Joan Mencher is an anthropologist best known for her extensive field research in southern India. She earned her BA in physics and math from Smith College in 1950 and then went on to Columbia University to study anthropology. She received her PhD in 1958.
Mencher began her field research in India in 1958. She received a Fulbright scholarship to conduct research on child rearing and family life in the south Indian state of Kerala. This was the first trip of many Mencher would take to India over the next 50 years. Her primary areas of research include agricultural development, land ownership, rural housing, gender roles, and family planning. Most of Mencher's research took place in Kerala and Tamil Nadu, two south Indian states. She also spent some time in the state of West Bengal. She often conducted multiple research projects at once, taking the opportunity to interview her informants on a variety of topics in one session. This resulted in a very comprehensive look at rural Indian life over the course of several decades. Mencher has published her findings in numerous books and articles.
In addition to her active research pursuits, Mencher taught at several universities. She taught anthropology at Hofstra College from 1960-1961, at Cornell University from 1964-1965, and at Columbia, her alma mater, from 1967-1968. Her longest teaching position was at CUNY where she taught at both Lehman College and the Graduate Center. Her tenure there was from 1967-2004.
In the early 2000s Mencher founded The Second Chance Foundation, a non-profit that works to support rural grass-roots organizations that work with poor and small farmers in India and the United States on issues of sustainable agriculture. She runs the day-to-day operations of the organization, writes grant proposals, leads fundraising efforts to support small farmers in India, and makes public presentations about sustainable agriculture.
Cambridge Who's Who. 2007. Joan P. Mencher's Biography. http://www.cambridgewhoswho.com/Members/NY/Joan-Mencher-1035277.html, accessed December 2, 2011.
Mencher, Joan. 1974. The Caste System Upside Down, or the Not-so-Mysterious East. Current Anthropology 15(4):469-493.
Sayeed, Vikhar Ahmed. 2009. Interview: The Right to Food. Frontline 26(26). http://www.frontlineonnet.com/fl2626/stories/20100101262608900.htm, accessed December 2, 2011.
Earned BA in Physics and Math from Smith College
Earned PhD in Anthropology from Columbia University
Field work in South India. Received a Fulbright scholarship to conduct research on child rearing and family life in Kerala.
Taught anthropology at Hofstra College
Worked in South India. Looked at ecological issues and the differences between Tamil Nadu and Kerala and looked at how changes in ecology affected agriculture and social life
Conducted a study of land, agriculture, power and conflict in Tamil Nadu
Taught anthropology at Cornell University
Taught anthropology at Columbia University
Conducted field research in South India
Taught at Lehman College and the Graduate Center at CUNY
Engaged in a research project under the auspices of Columbia University and the Delhi School of Planning and Architecture, financed by the National Science Foundation. The study dealt with the relationship between social structure and modernization, focusing on problems of family planning, agricultural development and rural housing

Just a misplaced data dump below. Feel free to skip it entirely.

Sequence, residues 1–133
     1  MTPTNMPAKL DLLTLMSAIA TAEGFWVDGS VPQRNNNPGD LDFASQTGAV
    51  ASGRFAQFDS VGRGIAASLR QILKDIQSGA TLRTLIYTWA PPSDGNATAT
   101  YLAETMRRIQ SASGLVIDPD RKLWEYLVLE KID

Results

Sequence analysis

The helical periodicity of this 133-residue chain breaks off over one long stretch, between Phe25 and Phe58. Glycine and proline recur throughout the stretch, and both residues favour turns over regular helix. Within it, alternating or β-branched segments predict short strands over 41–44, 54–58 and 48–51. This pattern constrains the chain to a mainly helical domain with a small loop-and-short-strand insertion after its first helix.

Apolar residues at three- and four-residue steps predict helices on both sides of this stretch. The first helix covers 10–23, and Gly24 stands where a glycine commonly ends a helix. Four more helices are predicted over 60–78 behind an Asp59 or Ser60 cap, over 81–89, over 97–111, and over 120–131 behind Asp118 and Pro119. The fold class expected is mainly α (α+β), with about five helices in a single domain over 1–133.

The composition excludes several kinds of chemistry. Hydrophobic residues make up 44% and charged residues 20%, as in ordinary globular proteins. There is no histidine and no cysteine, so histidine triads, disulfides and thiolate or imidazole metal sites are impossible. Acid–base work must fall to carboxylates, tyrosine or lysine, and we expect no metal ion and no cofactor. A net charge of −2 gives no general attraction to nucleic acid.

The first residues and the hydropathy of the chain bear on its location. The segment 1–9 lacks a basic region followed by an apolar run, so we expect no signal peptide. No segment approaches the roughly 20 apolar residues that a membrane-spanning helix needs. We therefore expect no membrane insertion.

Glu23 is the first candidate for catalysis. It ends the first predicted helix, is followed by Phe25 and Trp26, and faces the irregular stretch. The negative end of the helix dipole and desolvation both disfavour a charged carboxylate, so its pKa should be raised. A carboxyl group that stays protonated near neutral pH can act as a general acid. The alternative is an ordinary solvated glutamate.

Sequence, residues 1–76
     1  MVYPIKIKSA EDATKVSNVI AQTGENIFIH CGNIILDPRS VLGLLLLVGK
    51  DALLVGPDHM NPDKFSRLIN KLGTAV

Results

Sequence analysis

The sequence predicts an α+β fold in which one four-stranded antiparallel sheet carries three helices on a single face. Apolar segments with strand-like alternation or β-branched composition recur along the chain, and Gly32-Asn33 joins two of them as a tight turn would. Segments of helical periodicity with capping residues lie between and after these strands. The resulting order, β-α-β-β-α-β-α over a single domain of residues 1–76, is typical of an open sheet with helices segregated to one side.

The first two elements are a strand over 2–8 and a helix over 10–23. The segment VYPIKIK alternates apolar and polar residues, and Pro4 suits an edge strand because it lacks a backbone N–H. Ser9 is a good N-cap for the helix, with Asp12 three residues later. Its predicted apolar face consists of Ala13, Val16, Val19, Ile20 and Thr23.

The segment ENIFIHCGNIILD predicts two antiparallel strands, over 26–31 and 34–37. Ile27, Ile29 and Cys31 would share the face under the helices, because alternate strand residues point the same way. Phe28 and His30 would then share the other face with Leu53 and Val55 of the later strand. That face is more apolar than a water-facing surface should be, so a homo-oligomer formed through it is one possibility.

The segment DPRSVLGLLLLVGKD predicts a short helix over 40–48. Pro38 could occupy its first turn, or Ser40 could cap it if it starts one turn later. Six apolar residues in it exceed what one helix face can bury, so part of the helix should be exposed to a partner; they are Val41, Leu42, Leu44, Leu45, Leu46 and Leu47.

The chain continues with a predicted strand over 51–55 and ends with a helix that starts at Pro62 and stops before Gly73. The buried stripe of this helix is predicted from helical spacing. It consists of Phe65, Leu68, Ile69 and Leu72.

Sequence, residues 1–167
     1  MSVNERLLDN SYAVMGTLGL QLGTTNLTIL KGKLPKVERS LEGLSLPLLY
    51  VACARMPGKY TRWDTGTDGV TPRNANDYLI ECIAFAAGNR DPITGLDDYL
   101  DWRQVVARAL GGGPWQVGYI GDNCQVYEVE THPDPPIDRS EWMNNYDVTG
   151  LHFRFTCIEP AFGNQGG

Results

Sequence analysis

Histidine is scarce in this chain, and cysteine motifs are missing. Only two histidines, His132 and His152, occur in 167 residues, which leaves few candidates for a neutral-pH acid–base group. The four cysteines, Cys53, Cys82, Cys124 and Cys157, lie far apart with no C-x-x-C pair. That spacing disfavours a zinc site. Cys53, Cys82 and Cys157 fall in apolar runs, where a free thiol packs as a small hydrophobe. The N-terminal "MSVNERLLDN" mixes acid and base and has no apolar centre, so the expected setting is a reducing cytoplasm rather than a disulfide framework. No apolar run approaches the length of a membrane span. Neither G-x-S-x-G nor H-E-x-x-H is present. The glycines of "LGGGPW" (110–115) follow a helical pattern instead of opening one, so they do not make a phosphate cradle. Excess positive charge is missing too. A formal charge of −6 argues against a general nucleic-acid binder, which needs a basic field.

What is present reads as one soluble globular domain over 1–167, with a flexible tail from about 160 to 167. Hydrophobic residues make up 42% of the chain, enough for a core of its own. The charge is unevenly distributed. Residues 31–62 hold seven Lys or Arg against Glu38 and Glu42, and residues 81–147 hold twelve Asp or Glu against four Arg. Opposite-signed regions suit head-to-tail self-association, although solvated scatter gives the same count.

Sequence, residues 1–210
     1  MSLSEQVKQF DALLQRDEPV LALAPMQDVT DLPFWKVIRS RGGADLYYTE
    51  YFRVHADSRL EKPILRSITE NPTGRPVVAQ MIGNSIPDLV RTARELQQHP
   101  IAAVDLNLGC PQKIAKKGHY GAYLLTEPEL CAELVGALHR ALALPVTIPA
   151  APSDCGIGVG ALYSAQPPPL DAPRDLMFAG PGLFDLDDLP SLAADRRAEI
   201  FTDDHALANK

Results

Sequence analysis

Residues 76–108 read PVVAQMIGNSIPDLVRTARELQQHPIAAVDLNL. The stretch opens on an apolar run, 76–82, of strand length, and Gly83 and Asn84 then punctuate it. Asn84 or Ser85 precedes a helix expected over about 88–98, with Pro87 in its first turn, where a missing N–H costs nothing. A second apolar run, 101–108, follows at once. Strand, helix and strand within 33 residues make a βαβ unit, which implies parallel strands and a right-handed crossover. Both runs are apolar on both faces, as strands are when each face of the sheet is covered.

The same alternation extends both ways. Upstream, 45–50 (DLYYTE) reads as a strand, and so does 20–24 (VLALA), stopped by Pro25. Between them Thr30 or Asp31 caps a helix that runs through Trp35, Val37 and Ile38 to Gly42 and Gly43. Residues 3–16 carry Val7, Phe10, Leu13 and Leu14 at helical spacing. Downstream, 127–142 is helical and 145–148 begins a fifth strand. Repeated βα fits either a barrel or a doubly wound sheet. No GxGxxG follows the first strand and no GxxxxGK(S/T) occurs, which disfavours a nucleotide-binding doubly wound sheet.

Was a co-principal investigator, with Conrad Arensberg and K. R. Unni, on a comparative study in Tamil Nadu and Kerala
Conducted a study with Dr. P. G. K. Panikar on the socio-economics of rice cultivation in different parts of Kerala
Rockefeller Foundation Post-Doctoral Program
Conducted a comparative study of women in rice cultivation in Kerala, Tamil Nadu, and West Bengal
Conducted an in-depth study of the lives of over twenty women by collecting oral histories
Let the Women Talk, a two-part study of the effects of change both planned and unplanned in the south Indian villages studied in 1979-1982
Founded the non-profit The Second Chance Foundation, which works to support rural grass-roots organizations that work with poor and small farmers in India and the United States on issues of sustainable agriculture
Received a pre-proposal grant from the City University of New York to explore interest and to develop a proposal to conduct a study of sustainable agricultural projects in southern India
Changing Familial Roles among South Malabar Nayars. Southwestern Journal of Anthroplogy 18(3):230-245.
Kerala and Madras: A Comparative Study of Ecology and Social Structure. Ethnology 5(2):135-171.
with André Béteille. Review of Caste, Class, and Power: Changing Powers of Stratification in a Tanjore Village. The Annals of the American Academy of Political and Social Science 367:174-175.
with Helen Goldberg. Kinship and Marriage Regulations among the Namboodiri Brahmans of Kerala. Man 2(1):87-106.
Family Planning in India: The Role of Class Values. Family Planning Perspectives 2(2):35-39.
Conflicts and Contradictions in the "Green Revolution": The Case of Tamil Nadu. Economic and Political Weekly 9(6/8): 309+311+313+315+317-319+321+323.
The Caste System Upside Down, or the Not-so-Mysterious East. Current Anthropology 15(4):469-493.
Agriculture and Social Structure in Tamil Nadu: Past Origins, Present Transformations and Future Prospects. Durham, NC: Carolina Academic Press.
Why Grow More Food?: An Analysis of some Contradictions in the "Green Revolution" in Kerala. Economic and Political Weekly 13(51/52):A98-A99+A101-A104.
with K. Saradamoni. Muddy Feet, Dirty Hands: Rice Production and Female Agricultural Labour. Economic and Political Weekly 17(52):A149-A153+A155-A167.
with Judy Brink, eds. Mixed Blessings: Gender and Religious Fundamentalism Cross Culturally. New York: Routledge.
NGOs: Are They a Force for Change? Economic and Political Weekly 34(30):2081-2086.
The United States, India and GM Foods. Medical Anthropology Quarterly 15(1):31-33.